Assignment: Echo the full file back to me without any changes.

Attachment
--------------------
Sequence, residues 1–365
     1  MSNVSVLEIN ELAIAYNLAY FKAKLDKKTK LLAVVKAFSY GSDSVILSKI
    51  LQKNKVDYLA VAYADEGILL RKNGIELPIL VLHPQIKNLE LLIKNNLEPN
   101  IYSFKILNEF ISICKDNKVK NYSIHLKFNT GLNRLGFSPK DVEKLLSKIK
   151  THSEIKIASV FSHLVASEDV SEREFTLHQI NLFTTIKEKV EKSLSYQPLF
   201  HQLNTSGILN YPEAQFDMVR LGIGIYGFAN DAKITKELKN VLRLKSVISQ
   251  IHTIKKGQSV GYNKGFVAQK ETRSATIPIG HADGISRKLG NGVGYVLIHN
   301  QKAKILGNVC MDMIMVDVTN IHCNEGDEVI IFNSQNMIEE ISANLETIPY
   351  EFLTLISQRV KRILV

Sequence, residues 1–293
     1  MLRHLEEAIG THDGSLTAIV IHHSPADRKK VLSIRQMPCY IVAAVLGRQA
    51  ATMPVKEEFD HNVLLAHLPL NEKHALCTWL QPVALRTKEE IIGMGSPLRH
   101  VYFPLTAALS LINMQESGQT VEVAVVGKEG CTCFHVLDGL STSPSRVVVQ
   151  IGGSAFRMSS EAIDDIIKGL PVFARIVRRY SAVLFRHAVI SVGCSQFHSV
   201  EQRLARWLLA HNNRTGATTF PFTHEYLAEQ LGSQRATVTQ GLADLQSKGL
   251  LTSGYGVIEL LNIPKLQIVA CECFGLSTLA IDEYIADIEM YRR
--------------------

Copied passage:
Sequence, residues 1–365
     1  MSNVSVLEIN ELAIAYNLAY FKAKLDKKTK LLAVVKAFSY GSDSVILSKI
    51  LQKNKVDYLA VAYADEGILL RKNGIELPIL VLHPQIKNLE LLIKNNLEPN
   101  IYSFKILNEF ISICKDNKVK NYSIHLKFNT GLNRLGFSPK DVEKLLSKIK
   151  THSEIKIASV FSHLVASEDV SEREFTLHQI NLFTTIKEKV EKSLSYQPLF
   201  HQLNTSGILN YPEAQFDMVR LGIGIYGFAN DAKITKELKN VLRLKSVISQ
   251  IHTIKKGQSV GYNKGFVAQK ETRSATIPIG HADGISRKLG NGVGYVLIHN
   301  QKAKILGNVC MDMIMVDVTN IHCNEGDEVI IFNSQNMIEE ISANLETIPY
   351  EFLTLISQRV KRILV

Sequence, residues 1–293
     1  MLRHLEEAIG THDGSLTAIV IHHSPADRKK VLSIRQMPCY IVAAVLGRQA
    51  ATMPVKEEFD HNVLLAHLPL NEKHALCTWL QPVALRTKEE IIGMGSPLRH
   101  VYFPLTAALS LINMQESGQT VEVAVVGKEG CTCFHVLDGL STSPSRVVVQ
   151  IGGSAFRMSS EAIDDIIKGL PVFARIVRRY SAVLFRHAVI SVGCSQFHSV
   201  EQRLARWLLA HNNRTGATTF PFTHEYLAEQ LGSQRATVTQ GLADLQSKGL
   251  LTSGYGVIEL LNIPKLQIVA CECFGLSTLA IDEYIADIEM YRR